Joseph Anton: A Memoir

Editorial reviews

Joseph Anton: A Memoir

It’s easy to imagine that Rushdie would find this story, and most of his others, less interesting if it wasn’t about him.

Powerful and thought-provoking, Joseph Anton celebrates the First Amendment and a devotee's determination that censorship will neither crush nor kill him or his family.

Salman Rushdie's account of surviving a fatwa is brutally honest and profound.

That is why Joseph Anton, both the man and the book, are so important. They are vital reminders of the continuing importance of an unswerving defence, in Rushdie’s words, “of debate, of dispute, of dissent.”

Joseph Anton is overlong and too richly endowed with famed authors and starry events: Rushdie, as he writes, loves to be loved. But as a story of refusal to be cowed the book speaks to the heart, and to conscience.

"Joseph Anton" captures the career of a fallible writer who struggled to sustain the fragile life of the imagination.

The memoir is inordinately long, and the drama of the fatwa, and the obvious hell of living in its shadow, gets swamped by a sort of literary luvvie-dom, with dinners and launch parties, interlaced with incredibly boring accounts of various deals hatched by agents and publishers.

The story of Rushdie's time in hiding is one of excessive anxiety, constant security and trying desperately to figure out how to fight your way out. In many ways, he lived the post-Sept. 11 story before it even happened.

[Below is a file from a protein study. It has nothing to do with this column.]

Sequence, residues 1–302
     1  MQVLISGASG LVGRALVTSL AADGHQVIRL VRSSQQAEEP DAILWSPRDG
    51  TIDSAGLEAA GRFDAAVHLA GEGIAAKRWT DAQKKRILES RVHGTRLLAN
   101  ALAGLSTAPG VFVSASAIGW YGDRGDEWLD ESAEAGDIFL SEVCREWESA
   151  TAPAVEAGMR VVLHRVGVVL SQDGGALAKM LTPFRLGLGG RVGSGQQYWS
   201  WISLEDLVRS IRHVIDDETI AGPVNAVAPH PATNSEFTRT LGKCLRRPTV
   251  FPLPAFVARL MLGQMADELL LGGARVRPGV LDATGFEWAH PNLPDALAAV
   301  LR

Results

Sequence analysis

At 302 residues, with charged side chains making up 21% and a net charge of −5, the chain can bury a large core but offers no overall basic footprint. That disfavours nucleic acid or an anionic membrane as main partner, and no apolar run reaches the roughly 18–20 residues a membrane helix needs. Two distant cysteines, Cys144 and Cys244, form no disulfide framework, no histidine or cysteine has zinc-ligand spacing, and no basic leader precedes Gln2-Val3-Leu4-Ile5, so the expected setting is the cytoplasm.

Joseph Anton, obscuring these stumbles, presents Rushdie as confidently in step with the march of history.

He writes about the bitterness he felt at darker moments, thinking that his biggest problem “was that he wasn’t dead”: “if he were dead, nobody in England would have to fuss about the cost of his security and whether or not he merited such special treatment for so long.”

This is an important book not only because of what it has to say about a man of principle who, under the threat of violence and death, stood firm for freedom of speech and freedom of religion, but also because of its implications about our times and fanatical religious intolerance in a frighteningly fragile world.

“Joseph Anton” is a splendid book, the finest new memoir to cross my desk in many a year.